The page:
(HUTTO, Texas) – Glen Cusack III, of Kyle, graduated this fall from Texas State Technical College in East Williamson County with an Associate of Applied Science degree in Precision Machining Technology. He is working at DJO Global in Austin, where he uses machining to create surgical implants.
What factored into you choosing Precision Machining Technology to study at TSTC?
I chose the Precision Machining Technology program because my uncle is a machinist in Mississippi who has been running his own business for more than 20 years. When I was taking welding classes, I talked multiple times to Tim Hemesath, an instructor in TSTC’s Precision Machining Technology program. I knew just by his positive attitude and how much he cared for his students that he could make the classes fun and I would still graduate with another trade under my belt.
What did you enjoy about the Precision Machining Technology program?
I have enjoyed all the people I have met throughout the program and the machines I have had the opportunity to use. I have really enjoyed how patient and dedicated my instructors were to make sure we all had the right information and tools for class. I cannot thank Mr. Hemesath enough for what he has done. He has been a huge help from day one. From when I started in the program never having touched a machine to where I am today, including the job I have now, I truly could not have done it without him. Anyone who is unsure about Precision Machining Technology or really does not know much about it should definitely check it out and research it.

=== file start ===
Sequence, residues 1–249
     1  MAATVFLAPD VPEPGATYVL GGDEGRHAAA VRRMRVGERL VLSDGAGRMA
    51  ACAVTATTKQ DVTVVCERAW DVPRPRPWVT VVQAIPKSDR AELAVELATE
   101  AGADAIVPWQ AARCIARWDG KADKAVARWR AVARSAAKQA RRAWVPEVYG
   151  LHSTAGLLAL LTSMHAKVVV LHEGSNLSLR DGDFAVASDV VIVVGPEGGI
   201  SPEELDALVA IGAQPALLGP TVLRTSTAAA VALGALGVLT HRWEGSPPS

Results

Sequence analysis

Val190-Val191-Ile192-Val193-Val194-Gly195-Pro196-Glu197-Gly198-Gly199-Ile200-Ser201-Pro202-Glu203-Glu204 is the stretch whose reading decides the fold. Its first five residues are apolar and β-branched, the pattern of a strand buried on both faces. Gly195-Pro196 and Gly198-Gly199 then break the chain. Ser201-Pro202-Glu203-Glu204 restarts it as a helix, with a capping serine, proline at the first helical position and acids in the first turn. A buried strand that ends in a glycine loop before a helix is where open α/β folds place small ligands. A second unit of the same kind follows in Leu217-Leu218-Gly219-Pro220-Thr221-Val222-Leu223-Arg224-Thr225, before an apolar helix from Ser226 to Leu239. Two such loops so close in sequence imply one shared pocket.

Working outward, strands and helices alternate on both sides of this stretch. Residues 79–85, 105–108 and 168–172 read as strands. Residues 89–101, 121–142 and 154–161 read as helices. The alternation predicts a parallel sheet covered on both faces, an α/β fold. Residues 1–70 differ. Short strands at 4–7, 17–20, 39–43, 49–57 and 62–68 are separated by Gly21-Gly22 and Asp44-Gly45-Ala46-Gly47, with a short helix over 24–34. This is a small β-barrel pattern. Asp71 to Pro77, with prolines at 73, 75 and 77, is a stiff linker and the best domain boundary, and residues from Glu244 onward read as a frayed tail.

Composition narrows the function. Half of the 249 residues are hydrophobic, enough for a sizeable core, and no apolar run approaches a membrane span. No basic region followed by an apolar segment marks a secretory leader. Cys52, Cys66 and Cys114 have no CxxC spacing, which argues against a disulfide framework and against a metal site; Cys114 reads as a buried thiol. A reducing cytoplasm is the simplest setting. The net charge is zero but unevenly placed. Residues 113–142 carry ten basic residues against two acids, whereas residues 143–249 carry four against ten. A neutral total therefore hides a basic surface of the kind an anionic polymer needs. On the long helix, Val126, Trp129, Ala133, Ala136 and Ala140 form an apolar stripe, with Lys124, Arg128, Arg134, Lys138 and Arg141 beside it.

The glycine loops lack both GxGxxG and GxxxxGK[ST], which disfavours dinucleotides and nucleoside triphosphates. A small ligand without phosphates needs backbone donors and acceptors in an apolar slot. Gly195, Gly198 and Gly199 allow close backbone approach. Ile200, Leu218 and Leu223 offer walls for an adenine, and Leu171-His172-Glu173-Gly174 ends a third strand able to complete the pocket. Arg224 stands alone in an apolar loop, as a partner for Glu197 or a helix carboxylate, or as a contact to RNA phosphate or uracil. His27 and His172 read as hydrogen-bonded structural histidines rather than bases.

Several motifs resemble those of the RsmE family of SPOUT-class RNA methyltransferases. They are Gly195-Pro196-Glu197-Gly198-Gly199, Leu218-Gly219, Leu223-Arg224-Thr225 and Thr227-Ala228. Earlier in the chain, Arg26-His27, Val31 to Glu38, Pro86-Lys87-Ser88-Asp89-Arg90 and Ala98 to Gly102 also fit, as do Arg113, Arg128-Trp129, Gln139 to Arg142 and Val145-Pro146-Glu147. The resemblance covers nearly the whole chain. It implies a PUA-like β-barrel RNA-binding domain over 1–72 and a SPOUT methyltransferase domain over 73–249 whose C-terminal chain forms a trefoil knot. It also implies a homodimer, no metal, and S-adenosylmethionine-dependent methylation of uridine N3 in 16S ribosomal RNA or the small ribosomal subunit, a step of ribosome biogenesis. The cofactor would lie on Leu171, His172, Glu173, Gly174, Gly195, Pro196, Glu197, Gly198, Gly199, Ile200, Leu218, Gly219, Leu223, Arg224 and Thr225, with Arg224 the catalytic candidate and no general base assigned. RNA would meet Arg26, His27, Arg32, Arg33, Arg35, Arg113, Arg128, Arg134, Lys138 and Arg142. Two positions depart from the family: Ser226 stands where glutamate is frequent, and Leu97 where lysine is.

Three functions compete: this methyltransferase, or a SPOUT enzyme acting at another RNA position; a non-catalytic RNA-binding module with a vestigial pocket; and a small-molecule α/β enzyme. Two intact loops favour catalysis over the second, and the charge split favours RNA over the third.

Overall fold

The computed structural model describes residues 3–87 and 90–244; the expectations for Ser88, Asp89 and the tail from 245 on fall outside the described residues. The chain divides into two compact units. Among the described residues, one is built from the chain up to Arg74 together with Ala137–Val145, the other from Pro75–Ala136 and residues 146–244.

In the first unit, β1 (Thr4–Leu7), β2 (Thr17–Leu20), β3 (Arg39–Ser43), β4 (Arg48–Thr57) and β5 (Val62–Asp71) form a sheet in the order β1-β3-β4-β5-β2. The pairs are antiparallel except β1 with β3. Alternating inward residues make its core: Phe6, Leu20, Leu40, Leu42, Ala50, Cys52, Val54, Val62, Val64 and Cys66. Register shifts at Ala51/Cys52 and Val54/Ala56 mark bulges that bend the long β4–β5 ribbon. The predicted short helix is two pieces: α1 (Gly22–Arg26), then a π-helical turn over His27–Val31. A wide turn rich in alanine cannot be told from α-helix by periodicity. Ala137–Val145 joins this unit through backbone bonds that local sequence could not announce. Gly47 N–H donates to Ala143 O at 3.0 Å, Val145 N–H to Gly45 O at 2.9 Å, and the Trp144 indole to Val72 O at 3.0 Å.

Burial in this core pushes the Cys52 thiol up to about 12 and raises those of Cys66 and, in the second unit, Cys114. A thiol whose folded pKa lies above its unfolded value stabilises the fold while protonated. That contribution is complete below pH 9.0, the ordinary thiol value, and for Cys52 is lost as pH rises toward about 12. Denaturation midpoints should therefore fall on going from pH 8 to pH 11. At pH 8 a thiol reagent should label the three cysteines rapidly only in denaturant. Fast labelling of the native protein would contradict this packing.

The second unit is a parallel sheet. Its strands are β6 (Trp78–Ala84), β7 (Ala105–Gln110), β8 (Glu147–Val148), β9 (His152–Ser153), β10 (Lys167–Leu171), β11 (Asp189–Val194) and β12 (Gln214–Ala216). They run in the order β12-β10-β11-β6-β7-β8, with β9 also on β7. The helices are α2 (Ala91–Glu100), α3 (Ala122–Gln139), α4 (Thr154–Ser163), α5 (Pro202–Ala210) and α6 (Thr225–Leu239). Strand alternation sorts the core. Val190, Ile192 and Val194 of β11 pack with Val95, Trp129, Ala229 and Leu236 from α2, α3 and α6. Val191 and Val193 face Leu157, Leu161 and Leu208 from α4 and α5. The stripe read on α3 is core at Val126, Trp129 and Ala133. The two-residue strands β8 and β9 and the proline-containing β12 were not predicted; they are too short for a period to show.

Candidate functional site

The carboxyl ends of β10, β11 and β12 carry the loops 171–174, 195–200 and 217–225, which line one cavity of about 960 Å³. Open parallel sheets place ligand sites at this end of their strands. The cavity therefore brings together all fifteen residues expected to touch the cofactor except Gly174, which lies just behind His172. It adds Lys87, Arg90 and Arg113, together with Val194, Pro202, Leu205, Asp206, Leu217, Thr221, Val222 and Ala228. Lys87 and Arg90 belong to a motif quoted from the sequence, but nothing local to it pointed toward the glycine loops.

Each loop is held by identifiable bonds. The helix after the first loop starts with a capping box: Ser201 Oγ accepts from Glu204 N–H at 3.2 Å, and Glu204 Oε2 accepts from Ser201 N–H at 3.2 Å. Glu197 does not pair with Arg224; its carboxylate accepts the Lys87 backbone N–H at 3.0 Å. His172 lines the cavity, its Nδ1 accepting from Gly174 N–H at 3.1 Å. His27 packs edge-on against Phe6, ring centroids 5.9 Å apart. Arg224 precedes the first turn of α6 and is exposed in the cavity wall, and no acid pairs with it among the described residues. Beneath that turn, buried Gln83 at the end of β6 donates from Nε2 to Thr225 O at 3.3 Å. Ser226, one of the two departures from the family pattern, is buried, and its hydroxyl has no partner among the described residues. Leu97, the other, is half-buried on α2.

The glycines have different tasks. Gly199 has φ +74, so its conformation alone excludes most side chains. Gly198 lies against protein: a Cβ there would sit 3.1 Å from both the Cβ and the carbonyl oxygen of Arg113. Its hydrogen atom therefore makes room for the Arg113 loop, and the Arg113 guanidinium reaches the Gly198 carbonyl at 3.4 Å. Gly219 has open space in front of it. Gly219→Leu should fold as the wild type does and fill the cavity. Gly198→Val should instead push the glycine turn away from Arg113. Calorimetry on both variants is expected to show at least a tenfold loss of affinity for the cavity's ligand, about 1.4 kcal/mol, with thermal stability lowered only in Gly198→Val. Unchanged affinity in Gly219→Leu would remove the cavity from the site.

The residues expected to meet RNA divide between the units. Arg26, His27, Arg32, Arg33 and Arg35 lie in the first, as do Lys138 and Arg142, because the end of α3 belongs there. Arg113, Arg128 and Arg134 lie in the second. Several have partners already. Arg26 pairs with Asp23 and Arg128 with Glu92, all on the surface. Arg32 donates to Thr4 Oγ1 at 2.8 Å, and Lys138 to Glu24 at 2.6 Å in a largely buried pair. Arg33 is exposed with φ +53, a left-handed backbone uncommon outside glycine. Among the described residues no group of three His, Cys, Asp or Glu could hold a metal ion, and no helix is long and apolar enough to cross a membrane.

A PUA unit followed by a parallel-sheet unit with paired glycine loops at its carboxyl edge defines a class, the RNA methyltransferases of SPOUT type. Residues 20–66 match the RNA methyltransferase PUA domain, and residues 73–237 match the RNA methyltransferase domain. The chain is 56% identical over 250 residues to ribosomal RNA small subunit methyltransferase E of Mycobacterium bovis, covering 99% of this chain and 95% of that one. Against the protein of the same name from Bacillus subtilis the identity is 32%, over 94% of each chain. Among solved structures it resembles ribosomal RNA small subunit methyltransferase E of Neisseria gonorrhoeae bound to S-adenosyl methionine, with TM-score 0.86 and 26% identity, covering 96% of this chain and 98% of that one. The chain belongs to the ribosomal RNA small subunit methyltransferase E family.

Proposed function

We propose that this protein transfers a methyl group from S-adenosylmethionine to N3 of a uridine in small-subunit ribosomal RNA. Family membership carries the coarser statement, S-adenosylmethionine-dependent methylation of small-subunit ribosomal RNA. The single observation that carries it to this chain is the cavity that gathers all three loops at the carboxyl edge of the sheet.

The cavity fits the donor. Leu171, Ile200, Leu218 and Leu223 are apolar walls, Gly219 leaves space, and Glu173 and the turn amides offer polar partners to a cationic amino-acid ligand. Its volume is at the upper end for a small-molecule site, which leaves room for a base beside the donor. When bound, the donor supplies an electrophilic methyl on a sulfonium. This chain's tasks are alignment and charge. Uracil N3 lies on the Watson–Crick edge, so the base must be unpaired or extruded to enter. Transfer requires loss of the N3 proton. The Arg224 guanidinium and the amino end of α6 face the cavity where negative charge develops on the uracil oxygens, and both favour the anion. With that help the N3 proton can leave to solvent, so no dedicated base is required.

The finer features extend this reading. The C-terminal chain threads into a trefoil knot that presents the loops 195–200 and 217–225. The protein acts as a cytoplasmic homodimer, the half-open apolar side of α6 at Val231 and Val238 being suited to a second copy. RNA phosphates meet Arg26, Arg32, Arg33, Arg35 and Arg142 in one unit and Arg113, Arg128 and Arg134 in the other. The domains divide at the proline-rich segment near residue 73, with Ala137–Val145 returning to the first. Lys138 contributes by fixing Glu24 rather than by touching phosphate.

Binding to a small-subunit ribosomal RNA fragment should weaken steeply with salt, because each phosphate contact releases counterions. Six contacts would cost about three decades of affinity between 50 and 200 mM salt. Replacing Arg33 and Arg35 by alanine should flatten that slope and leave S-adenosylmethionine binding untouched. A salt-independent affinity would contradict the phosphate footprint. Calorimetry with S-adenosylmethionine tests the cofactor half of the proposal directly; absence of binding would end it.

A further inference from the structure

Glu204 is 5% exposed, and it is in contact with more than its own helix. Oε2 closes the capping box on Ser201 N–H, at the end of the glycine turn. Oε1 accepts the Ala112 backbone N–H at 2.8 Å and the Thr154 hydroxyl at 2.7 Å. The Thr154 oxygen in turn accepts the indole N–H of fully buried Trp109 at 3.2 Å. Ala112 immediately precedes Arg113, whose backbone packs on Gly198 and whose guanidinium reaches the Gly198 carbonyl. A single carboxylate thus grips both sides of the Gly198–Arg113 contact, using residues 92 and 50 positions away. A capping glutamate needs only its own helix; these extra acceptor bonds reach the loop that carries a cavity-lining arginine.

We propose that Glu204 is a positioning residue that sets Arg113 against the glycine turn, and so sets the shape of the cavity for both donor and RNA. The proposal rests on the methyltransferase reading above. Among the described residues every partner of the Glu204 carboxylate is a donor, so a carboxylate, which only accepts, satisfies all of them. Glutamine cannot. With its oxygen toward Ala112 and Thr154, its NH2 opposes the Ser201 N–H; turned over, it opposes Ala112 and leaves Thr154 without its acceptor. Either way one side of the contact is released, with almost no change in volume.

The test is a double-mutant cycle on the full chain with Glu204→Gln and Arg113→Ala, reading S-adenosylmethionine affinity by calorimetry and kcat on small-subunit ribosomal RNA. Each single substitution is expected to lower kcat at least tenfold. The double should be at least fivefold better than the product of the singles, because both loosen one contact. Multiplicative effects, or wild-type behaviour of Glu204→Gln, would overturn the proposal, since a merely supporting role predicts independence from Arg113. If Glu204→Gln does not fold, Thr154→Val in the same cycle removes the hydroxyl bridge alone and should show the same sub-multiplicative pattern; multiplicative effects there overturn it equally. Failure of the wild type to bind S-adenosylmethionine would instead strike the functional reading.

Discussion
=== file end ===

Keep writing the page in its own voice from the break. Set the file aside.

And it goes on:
What advice would you give to high school students interested in pursuing the machining field?
High school students looking into machining should listen, take notes and ask the instructor for help. Machining seems scary at first because it is a lot to take in, but with time, you will feel confident and do it with ease. You will scrap parts and mess up because everyone does. I messed up a lot my first semester, but it’s all a learning lesson and will make you a better machinist in the end. Don’t be afraid to take that leap.
What motivates you in life?
The thing that motivates me the most are the goals I have for myself and my family. I could not be where I am without their help.
Machinists in Texas make a yearly median salary of more than $46,000, according to the U.S. Department of Labor’s CareerOneStop website, which adds that Texas will need more than 29,000 machinists by 2028.
TSTC’s Precision Machining Technology program is part of the Money-Back Guarantee. Students in their first semester are eligible to sign up for free with campus Career Services representatives. Over the course of their training at TSTC, students attend workshops to learn about resume writing, interview techniques and other employment skills. Students who are not hired in their field within six months after graduation may be eligible to get a tuition refund for their time at TSTC.
For more information, go to tstc.edu.